When it’s full of your friends.
from: The Giraffe and the Pelly and Me
written by Roald Dahl
illustrated by Quentin Blake
Jonathan Cape, 1985
Several years ago someone asked me why it is important to read. The thought stopped me in my tracks. It felt like the answer was something everyone should know, but just like the answer to “why is the sky blue?” I suspected the answer was complicated.
I’m not sure what I answered at the time, but I’ve been thinking about it ever since. Of course I came up with a list (in no particular order):
- Discover current information about the world
- Learn something new
- Become more interesting
- Find a new role model in a biography or memoir
- For entertainment
- Keep my brain active
- Have something in common with my kids, grandkids, and friends
When I was still working, I’d visit classrooms in the spring to get the kids excited about Summer Reading. I always told them that just like they need to exercise their bodies by riding bikes or swimming or playing, it is important to exercise their brains, too. Reading is the best way.
I used to read children’s books so I could recommend them to children when they came to the library. But because my dream of becoming a published children’s author is still very much alive, I continue to read lots of children’s books. Also I like them.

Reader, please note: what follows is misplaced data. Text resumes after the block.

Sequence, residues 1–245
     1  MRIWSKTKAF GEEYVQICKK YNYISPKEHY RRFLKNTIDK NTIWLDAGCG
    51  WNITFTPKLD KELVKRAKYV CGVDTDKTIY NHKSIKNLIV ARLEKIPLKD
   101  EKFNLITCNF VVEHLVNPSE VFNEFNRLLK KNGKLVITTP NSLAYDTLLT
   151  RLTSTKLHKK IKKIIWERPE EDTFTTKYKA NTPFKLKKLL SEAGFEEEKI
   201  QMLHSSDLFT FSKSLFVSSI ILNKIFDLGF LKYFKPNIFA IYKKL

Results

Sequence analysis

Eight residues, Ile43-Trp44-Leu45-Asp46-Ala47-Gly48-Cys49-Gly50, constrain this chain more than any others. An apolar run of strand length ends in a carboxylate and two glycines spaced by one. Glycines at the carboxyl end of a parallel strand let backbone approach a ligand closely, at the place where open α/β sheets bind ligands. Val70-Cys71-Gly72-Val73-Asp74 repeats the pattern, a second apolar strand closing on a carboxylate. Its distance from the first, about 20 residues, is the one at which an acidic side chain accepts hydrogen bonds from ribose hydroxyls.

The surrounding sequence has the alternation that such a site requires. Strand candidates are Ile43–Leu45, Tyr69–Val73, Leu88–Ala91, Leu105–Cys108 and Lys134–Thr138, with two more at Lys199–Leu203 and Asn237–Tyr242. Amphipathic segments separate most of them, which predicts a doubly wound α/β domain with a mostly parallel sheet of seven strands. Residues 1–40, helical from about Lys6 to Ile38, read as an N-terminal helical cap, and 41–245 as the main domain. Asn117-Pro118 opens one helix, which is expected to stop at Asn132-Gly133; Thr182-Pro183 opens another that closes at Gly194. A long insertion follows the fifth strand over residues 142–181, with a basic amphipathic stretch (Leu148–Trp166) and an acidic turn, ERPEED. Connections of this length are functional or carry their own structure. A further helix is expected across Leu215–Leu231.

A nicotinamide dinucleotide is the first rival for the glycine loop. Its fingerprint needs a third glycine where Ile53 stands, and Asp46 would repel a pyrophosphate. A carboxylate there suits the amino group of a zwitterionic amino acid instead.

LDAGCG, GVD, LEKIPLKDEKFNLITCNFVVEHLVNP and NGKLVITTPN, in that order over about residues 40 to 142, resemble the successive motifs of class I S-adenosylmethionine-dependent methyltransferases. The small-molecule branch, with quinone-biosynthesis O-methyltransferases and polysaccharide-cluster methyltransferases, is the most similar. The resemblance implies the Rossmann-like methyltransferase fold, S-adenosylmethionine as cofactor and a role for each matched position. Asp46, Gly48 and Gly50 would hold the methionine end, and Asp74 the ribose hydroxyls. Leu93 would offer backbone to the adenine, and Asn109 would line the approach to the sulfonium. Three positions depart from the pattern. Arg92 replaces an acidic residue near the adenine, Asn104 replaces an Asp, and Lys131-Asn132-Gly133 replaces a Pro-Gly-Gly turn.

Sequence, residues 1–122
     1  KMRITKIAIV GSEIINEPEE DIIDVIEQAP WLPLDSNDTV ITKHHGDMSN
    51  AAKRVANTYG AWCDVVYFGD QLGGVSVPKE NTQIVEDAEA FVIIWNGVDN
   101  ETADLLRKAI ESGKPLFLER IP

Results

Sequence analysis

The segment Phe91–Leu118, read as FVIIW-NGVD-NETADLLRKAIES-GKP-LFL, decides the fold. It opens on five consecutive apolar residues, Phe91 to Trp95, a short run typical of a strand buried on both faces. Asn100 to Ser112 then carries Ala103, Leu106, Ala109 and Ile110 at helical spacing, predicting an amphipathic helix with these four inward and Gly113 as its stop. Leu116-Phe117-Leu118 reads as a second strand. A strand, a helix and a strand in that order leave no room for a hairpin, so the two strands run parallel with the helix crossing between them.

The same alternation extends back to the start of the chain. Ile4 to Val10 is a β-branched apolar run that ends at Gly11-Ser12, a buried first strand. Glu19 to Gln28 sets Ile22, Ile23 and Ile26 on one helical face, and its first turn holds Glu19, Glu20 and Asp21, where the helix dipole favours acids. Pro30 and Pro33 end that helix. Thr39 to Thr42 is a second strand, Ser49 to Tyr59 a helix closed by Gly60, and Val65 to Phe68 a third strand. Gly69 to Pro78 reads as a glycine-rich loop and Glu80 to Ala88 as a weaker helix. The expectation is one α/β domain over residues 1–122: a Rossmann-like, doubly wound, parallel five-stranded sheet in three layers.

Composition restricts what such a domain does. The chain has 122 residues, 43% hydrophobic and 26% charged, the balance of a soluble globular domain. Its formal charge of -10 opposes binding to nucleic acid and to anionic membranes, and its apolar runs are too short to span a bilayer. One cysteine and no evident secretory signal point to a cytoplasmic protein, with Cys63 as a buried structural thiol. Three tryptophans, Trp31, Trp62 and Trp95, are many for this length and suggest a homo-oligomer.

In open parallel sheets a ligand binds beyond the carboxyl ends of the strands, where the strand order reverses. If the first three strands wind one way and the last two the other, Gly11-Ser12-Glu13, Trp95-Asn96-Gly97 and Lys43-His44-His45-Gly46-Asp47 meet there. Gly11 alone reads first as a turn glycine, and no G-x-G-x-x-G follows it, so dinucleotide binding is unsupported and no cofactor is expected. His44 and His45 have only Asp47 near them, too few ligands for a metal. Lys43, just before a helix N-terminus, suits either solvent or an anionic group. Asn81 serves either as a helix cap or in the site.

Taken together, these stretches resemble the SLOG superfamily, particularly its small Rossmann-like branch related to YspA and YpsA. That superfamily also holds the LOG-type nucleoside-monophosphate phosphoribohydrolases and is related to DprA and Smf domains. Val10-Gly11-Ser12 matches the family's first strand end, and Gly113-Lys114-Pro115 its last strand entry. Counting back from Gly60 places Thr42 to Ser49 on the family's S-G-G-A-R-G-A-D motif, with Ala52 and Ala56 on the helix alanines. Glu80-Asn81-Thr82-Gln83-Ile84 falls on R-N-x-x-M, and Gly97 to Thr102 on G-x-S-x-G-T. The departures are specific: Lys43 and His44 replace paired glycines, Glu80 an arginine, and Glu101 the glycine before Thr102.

I did not have the kind of mom who pulled me up on her lap and read bedtime stories (or other stories, either). I had the kind of mom who took me to the library whenever I wanted and let me pick out my own books. I don’t remember having a limit, but the library might have had one.
My books were funny and contemporary. I loved fairy tales and biographies. I liked mysteries. I was not a fast reader, and I still am not. When I was in high school, my grandmother gave me her copy of Little Women. I think she told me it was her favorite book. It took two years, really, but I read it. I liked it, too.
Sometimes I read to my little brother. The Cat in the Hat, some Grimm stories from a collection we had, and one of his (and my) favorite picture books, a Little Golden Book, called The Big Brown Bear about a bear who didn’t listen to his wife about staying out of the honey tree. Disney/Hyperion, which itself falls under the Random House/Penguin umbrella, acquired Little Golden Books several years ago and made it an imprint. Now you can find some of those cardboard covered, gold-spined gems in the library.
This week is International Literacy Association-sponsored “Right to Read” week. The primary focus of the week is to promote reading by asking children to vote for their favorite book. Awards are given for books with the most votes, divided by grade level. The ILA times their week to match up with Children’s Book Week, administered by the Children’s Book Council, a non-profit trade organization of book publishers.
So go to your library, (or book shelf) find a child, (or Skype or Facetime your grandchildren), and read something together.
I’m reading The Land of Forgotten Girls by Erin Entrada Kelly. (Greenwillow, 2016)
and have fun, too.